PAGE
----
In Sharon's letter you mention that you're not clear as to what the trilogy comprises. In practical storyline terms, it covers the years 1897 (the first meeting in Kensigton Gardens) up to Michael's death in 1921, with “Courage” as a kind of epilogue since it ties up so many elements, ending with Michael's poem: "But the mists were round him." I was not going to include the P. Pan gift to Great Ormond Street, except perhaps as something in Barrie's mind – and by ending it in 1922, I avoid the problems of the Will! But there's been a suggestion from the BBC that they might run to a fourth part, which would then carry one on from 1922 up to JMB's death. The problem here is that the actor playing Barrie would have to age over 40 years; as it is, each of the Davies boys will be represented by 3 different actors (with the change-overs coming between episodes), and to have 2 actors for JMB would, I feel, be a big mistake. Besides, my 'theme’ will have more or less played itself out by 1922.

As to the theme itself, this is partly to be found in JMB's Dedication to the Five, partly in his notes on Michael: "A love affair? How would I hint it ...?" – and by 'love', I mean in the David and Jonathan sense without Freudian undertones – “Death in Venice” as in Mann's short story, not the Visconti film, and partly a larger version of Barrie's own theme in “The Little White Bird”. A.E.Housman: "Into my heart an air that kills, from that far country blows ... The Land of Lost Content," etc.

Certainly you're right when you say that Peter's contribution to Janet Dunbar's biography is much the most interesting part: from my point of view it's a vital element in the trilogy. As I think I mentioned in my first letter, I don't start writing the scripts until February, and I'm still very much formulating my ideas. But it's certainly not going to be a "message" drama; the audience can psycho-analyse as they see fit, but I'm not going to do it for them!

Somebody asked me the other day, "Why Barrie? Why not Hardy?" (Thomas Hardy has, since my teenage reading days, been my favourite author) But that's not the point – I'm not writing JMB because I think he was a great writer; rather, he embraces a whole number of strands and emotions that I’ve long wanted to express in some form or another. I tried to chrystallize this in the opening of the Peter Pan narration for the NBC Musical: "It is, I suppose, one of the ironies of life that we should spend our childhood wanting to be grown up, and the rest of our lives wanting to relive our childhood. If two is the end of the beginning, twelve is the beginning of the end ... but then all children, except one, have to grow up ... (etc)"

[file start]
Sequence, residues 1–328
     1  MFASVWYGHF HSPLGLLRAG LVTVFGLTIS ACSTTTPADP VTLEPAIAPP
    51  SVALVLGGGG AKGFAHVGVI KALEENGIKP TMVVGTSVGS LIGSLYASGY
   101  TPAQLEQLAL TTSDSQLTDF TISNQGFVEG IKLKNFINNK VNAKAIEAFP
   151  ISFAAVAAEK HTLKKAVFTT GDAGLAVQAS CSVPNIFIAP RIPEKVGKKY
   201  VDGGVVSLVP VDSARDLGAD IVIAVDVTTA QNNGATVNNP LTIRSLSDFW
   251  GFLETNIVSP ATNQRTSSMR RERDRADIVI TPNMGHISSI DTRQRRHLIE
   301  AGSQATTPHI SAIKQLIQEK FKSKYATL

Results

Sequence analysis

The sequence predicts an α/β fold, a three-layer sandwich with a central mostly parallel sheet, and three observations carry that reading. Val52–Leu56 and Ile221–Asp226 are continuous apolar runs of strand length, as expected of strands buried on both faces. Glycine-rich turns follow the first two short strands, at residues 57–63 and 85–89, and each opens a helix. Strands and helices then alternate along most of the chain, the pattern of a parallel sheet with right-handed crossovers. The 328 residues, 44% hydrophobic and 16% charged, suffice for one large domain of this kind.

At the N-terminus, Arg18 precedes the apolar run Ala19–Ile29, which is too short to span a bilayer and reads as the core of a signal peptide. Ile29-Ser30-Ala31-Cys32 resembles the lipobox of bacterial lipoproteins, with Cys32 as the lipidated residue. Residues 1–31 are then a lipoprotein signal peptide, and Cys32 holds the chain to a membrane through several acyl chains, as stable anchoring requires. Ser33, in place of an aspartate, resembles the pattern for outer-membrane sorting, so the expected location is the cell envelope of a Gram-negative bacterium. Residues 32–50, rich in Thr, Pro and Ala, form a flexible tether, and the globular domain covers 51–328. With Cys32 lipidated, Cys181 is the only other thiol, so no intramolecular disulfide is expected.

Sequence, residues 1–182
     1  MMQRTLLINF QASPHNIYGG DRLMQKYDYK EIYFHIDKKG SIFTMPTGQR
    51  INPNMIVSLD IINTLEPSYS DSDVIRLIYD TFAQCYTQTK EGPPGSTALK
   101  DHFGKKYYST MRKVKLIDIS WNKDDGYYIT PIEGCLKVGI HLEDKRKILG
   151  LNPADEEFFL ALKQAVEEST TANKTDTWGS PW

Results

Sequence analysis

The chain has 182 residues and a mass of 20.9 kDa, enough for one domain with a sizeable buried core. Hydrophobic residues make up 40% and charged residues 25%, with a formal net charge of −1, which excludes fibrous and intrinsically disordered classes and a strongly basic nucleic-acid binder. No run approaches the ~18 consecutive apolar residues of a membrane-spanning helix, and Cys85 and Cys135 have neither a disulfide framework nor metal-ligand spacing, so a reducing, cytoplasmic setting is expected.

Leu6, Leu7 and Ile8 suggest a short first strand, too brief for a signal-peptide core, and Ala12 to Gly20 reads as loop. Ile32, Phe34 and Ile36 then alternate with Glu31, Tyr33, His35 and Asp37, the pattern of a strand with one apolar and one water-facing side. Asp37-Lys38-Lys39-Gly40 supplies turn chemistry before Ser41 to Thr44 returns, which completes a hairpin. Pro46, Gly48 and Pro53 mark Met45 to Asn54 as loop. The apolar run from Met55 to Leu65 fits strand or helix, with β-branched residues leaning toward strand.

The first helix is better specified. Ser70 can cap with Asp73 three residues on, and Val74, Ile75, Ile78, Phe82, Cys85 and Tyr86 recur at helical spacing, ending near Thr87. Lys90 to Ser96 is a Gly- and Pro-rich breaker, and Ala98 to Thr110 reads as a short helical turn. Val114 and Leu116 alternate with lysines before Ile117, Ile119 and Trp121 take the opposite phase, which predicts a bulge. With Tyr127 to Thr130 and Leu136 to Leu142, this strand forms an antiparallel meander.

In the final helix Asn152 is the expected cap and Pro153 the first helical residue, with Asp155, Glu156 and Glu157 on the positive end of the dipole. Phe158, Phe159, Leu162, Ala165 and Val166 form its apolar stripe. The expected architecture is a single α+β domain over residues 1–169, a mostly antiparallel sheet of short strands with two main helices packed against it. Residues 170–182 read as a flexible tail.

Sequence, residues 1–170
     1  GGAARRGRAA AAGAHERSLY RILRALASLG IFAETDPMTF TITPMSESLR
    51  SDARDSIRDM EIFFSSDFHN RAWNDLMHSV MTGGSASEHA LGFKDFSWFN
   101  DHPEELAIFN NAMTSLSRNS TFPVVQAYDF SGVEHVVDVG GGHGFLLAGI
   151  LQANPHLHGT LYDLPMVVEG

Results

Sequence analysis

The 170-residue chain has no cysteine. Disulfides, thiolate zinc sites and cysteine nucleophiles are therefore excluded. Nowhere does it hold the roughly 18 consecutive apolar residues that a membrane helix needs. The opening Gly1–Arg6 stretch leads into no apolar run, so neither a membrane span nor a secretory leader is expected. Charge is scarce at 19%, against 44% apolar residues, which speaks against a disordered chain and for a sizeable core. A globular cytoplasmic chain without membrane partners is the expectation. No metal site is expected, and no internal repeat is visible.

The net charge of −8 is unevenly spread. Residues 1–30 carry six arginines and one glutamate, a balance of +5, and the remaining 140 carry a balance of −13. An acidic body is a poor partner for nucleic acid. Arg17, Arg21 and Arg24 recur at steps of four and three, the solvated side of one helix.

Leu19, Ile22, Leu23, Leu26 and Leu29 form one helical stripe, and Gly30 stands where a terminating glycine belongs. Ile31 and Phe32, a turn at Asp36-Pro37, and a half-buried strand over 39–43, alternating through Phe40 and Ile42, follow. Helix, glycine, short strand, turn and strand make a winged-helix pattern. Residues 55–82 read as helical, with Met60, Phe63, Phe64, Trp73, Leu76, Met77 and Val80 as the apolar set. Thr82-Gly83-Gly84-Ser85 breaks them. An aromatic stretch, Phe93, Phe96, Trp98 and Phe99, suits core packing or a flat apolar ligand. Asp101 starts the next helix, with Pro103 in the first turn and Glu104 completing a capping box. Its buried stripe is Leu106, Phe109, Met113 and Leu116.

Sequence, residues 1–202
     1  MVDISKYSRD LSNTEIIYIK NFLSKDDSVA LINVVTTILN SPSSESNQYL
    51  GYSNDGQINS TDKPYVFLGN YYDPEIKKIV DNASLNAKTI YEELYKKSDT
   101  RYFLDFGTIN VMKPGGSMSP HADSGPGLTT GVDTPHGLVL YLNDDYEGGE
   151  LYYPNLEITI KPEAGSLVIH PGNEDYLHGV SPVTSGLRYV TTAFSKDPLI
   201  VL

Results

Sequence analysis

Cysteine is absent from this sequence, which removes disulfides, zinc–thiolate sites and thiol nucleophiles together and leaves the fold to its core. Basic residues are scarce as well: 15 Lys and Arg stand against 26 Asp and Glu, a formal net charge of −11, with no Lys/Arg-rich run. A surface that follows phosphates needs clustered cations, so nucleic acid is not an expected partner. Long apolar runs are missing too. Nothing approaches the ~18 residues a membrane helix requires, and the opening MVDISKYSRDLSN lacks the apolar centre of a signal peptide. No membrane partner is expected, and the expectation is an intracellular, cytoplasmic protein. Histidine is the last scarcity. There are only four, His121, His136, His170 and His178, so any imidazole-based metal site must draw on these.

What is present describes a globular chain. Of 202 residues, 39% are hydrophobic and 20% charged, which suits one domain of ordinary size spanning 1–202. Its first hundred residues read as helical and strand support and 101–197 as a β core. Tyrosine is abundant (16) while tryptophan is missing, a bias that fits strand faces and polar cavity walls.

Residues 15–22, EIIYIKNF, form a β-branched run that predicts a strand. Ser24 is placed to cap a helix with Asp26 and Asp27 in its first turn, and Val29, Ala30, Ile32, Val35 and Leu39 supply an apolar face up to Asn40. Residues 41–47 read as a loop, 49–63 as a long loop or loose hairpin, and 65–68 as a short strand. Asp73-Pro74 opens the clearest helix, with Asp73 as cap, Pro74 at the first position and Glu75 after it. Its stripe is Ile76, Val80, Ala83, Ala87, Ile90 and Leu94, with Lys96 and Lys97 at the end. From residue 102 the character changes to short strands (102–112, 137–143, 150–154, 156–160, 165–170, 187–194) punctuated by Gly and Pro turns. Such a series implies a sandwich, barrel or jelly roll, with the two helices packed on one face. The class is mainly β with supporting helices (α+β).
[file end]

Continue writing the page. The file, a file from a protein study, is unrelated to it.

I naturally have my own model of Sylvia, and I find my relationship with her children already painfully close to Barrie's. In particular Sacha, aged 9 – so close to David that it hurts! He too "is so enamoured with Achilles (in his case, Scott of the Antarctic!) that he wants to die to meet him", and I too "can't explain the particular pleasure it gives me when he calls me Father." I didn't mean to ramble on at such length – and reveal my hidden motives! But your letters are so wonderfully evocative that I wanted to reply immediately for fear that you might stop writing! I really feel that you should continue Peter's book – believe me, your style makes for compulsive reading.

Best regards,

Andrew

PS: Yes, Angie is my father's first cousin – her sister, Penelope Dudley Ward, is also my godmother, and I think it was Angie who introduced my Mother to my Father. Pempie's husband, Carol Reed, has been giving me enthusiastic moral support for the JMB trilogy since its inception. I tried to call Angie after getting your letter, but she's now returned to Spain, where she lives for most of the year.

[** This is rubbish – no uncle ever came to visit me, and I didn’t care what others thought of my family. I invented it in an effort to create empathy with Nico and draw forth his feelings about JMB while at Eton.]